Frequently Asked Questions
Watch as Licensed Funnyman John Mulrooney gives you all the FAQ info in this short video:
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1. What is Comedy Exchange?
2. When was Comedy Exchange founded?
3. What royalties does Comedy Exchange NOT administer?
4. How are royalties distributed to the right person?
5. Who oversees Comedy Exchange?
6. Is there a membership or administrative fee?
7. How does Comedy Exchange track airplay?
8. Who is a rights owner?
9. By joining, am I signing away my rights or locking up a release?
10. What about ASCAP, BMI or SESAC. Don’t they cover this? What is the difference?
11. What about webcasting?
12. Do royalty recipients have the right to audit?
13. What if there is more than one artist or a guest artist who performed on a song?
14. I registered, so when do I get my money?
15. I’m a comedian – where do I sign up?
The Comedy Exchange is a unique organization put together to collect performance royalties for comedic writers whose recorded works are used on AM / FM and other terrestrial radio broadcasting. It not only provides compensation for the writers, but also to the labels that manufacture and distribute the comedic works. It is principally, but not limited to spoken word performances.
It was incorporated in April of 2010.
Comedy Exchange does NOT administer royalties for:
Broadcasting on the internet and satellite / podcasting / television or on-demand services. Nor any reproduction rights for digital downloads.
Every payment is indexed to a detailed log of how many items by a writer / label are played on a quarterly basis.
The Comedy Exchange Board of Directors oversees all operations of Comedy Exchange. This board approves the distribution of royalties and payment of administrative expenses. It is comprised of representatives from Radio, Records and some Performers as well. For a full board member listing, check the Comedy Exchange Board of Directors page under the ABOUT section.
The Comedy Exchange is free to join for both writers and labels. The Comedy Exchange pays through 80% of all moneys collected to the rights holders, and keeps 20% for administrative fees in the first year. In year two and beyond, 85% will be paid to rights holders and 15% kept for administrative fees.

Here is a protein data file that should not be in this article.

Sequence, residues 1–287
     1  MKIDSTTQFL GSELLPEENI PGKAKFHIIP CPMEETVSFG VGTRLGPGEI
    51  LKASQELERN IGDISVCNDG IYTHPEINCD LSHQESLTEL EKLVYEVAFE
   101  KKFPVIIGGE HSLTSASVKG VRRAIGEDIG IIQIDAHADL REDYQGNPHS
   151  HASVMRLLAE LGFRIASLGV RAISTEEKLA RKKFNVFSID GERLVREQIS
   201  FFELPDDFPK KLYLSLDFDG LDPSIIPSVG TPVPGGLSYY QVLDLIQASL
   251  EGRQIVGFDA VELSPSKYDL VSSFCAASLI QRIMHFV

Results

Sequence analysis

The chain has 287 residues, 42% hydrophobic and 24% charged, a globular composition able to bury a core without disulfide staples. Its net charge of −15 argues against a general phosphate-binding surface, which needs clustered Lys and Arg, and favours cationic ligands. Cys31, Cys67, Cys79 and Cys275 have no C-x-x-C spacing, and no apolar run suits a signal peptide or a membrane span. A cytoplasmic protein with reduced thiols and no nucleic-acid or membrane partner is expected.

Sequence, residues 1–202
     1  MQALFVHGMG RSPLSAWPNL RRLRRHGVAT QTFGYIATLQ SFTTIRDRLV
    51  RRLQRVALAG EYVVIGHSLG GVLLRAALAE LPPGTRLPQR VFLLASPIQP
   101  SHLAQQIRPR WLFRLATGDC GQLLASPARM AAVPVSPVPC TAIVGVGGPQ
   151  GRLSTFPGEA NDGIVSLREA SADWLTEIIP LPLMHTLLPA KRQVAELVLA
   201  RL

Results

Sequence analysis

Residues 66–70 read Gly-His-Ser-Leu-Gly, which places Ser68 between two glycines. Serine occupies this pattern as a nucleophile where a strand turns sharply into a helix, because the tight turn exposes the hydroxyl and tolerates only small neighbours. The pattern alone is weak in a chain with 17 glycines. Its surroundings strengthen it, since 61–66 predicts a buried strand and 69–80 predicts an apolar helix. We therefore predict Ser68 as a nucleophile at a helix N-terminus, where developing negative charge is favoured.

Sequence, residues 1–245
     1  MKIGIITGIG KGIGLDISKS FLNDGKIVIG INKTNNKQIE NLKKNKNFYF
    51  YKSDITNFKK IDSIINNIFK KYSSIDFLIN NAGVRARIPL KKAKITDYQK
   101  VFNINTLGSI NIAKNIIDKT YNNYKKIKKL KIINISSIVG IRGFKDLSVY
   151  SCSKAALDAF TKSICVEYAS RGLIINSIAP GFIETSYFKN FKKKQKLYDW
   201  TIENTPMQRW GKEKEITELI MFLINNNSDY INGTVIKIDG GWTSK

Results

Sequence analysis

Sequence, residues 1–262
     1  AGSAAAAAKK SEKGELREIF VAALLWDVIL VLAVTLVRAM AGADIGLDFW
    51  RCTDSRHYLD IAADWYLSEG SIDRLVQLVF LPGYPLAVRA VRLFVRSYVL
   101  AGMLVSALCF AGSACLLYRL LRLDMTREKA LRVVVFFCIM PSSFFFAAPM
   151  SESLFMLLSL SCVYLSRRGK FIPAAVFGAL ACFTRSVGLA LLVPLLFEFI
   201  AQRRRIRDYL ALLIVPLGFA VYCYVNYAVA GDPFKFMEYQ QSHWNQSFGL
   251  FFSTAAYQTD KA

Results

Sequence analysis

The primary tracking is done through a cooperative arrangement with broadcasters and tracking companies such as BDS (Broadcast Data Systems), who monitor the nation’s airwaves for their clients
The Rights Owner is the writer who holds the exclusive copyright to the performance, and has the right to license that material for broadcast. The Label, who has the rights to manufacture, distribute and sell this material, is also a rights owner. These two may be the same entity. If original label â€˜Aâ€™ has leased the material to â€˜Bâ€™ for re-release, it will be â€˜Bâ€™ who gets the payments from CXA.
NOT IN ANY WAY. The writer and the label keep all rights they already have, nothing changes. Comedy Exchange simply looks out for your material thatâ€™s being played on the radio. This will not impact your existing contract or relationships with a label, and does not seek to lock you into a deal that prevents you from anything.
No. ASCAP, BMI and SESAC cover the rights of musical compositions, not spoken works.
For the moment, U.S. Copyright Office has given a sole right to collect for webcasting to the Sound Exchange.
Yes. Members will have the right to audit and to view your own audit report. In addition, members can appeal to a dispute resolution committee set up by the board.
If a bit was composed by several writers, this will require a royalty split (where the percentage for each person or group is submitted to us). This percentage may or may not be spelled out in the artistâ€™s recording contract. If it is a comedy group, the payment will be made to the group and they can determine the appropriate split.
When Comedy Exchange receives your registration documents, we first have to verify the information. This might take some time. However, even before you join, we are already tracking any airplay on terrestrial radio you may be receiving. In addition, Comedy Exchange has a threshold of $100 in earned royalties to issue a check. If a rights owner hasnâ€™t yet accumulated $100, they should expect to wait until that amount has built up in their account before receiving royalties. If you have questions about the status of your registration, please contact account services.
If you are a comedian and you write your own material, you are considered a “comedic writer.” Download the contract from our site and send it in!